Principle 1. Testing is the process of exercising a software component using a selected set of test cases, with the intent of (i) revealing defects, and (ii) evaluating quality.

Software engineers have made great progress in developing methods to prevent and eliminate defects. However, defects do occur, and they have a negative impact on software quality. Testers need to detect these defects before the software becomes operational. This principle supports testing as an execution-based activity to detect defects. It also supports the separation of testing from debugging since the intent of the latter is to locate defects and repair the software. The term software component is used in this context to represent any unit of software ranging in size and complexity from an individual procedure or method, to an entire software system. The term defects as used in this and in subsequent principles represents any deviations in the software that have a negative impact on its functionality, performance, reliability, security, and/or any other of its specified quality attributes.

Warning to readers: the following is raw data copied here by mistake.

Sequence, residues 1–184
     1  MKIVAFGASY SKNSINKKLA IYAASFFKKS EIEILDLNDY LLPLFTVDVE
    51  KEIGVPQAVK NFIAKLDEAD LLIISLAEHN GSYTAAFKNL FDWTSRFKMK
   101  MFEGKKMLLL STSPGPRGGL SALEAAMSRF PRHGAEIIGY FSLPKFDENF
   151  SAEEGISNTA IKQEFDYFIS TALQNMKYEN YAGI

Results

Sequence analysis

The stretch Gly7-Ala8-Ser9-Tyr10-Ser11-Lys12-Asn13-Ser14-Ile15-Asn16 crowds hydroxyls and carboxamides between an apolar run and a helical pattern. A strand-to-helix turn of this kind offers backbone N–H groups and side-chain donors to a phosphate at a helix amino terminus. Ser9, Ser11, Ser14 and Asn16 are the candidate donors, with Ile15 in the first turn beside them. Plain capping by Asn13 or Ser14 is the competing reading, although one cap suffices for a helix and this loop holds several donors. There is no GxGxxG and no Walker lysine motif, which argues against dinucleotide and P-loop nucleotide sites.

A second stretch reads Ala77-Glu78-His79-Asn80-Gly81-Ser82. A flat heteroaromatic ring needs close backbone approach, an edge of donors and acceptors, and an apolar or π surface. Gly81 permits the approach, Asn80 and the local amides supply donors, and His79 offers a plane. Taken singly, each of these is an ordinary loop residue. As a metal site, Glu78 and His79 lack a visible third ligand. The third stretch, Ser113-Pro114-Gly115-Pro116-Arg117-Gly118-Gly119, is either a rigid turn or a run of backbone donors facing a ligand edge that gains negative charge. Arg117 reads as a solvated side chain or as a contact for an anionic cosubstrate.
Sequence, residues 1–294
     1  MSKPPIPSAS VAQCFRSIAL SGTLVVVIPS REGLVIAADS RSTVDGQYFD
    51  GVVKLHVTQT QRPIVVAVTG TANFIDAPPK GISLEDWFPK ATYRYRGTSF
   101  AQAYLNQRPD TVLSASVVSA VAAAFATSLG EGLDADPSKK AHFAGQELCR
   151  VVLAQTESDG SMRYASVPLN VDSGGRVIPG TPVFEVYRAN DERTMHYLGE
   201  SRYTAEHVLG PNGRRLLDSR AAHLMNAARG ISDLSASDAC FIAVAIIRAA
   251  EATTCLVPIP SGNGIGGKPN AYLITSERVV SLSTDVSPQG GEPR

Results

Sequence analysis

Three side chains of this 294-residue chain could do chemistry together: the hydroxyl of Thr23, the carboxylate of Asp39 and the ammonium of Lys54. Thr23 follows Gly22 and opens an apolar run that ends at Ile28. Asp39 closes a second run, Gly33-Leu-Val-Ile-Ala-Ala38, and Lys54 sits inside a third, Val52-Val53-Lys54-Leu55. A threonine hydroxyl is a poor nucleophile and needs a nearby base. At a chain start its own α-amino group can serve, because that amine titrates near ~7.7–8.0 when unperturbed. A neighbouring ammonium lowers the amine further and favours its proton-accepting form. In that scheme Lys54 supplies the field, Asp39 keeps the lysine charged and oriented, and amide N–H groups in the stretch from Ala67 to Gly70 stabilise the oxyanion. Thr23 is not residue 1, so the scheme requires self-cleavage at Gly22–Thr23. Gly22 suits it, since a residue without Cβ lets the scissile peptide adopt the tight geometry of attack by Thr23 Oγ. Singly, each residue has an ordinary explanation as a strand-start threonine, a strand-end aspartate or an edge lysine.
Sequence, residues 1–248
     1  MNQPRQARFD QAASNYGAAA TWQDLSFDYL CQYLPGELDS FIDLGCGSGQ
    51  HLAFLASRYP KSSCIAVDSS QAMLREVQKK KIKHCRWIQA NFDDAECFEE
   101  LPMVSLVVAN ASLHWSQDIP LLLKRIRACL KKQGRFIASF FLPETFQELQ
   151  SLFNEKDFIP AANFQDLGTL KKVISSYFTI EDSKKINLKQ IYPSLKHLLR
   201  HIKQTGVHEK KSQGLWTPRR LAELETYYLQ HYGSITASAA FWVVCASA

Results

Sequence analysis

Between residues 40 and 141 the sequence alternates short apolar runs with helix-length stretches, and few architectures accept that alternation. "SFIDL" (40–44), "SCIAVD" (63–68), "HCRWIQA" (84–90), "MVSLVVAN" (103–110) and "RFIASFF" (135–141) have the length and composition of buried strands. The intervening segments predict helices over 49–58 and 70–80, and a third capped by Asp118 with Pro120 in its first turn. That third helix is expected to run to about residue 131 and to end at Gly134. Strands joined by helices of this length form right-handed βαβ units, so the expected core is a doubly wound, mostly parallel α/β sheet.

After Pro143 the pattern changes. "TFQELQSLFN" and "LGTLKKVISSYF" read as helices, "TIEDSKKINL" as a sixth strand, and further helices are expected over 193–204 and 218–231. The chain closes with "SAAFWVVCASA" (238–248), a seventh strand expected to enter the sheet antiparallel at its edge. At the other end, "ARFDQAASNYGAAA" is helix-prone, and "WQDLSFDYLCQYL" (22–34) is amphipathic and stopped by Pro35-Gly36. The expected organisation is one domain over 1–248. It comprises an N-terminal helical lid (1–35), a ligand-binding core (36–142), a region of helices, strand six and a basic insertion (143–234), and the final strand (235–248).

Principle 2. When the test objective is to detect defects, then a good test case is one that has a high probability of revealing a yet undetected defect(s).

Principle 2 supports careful test design and provides a criterion with which to evaluate test case design and the effectiveness of the testing effort when the objective is to detect defects. It requires the tester to consider the goal for each test case, that is, which specific type of defect is to be detected by the test case. In this way the tester approaches testing in the same way a scientist approaches an experiment. In the case of the scientist there is a hypothesis involved that he/she wants to prove or disprove by means of the experiment. In the case of the tester, the hypothesis is related to the suspected occurrence of specific types of defects. The goal for the recording and analyzing results. A tester can justify the expenditure of the resources by careful test design so that principle 2 is supported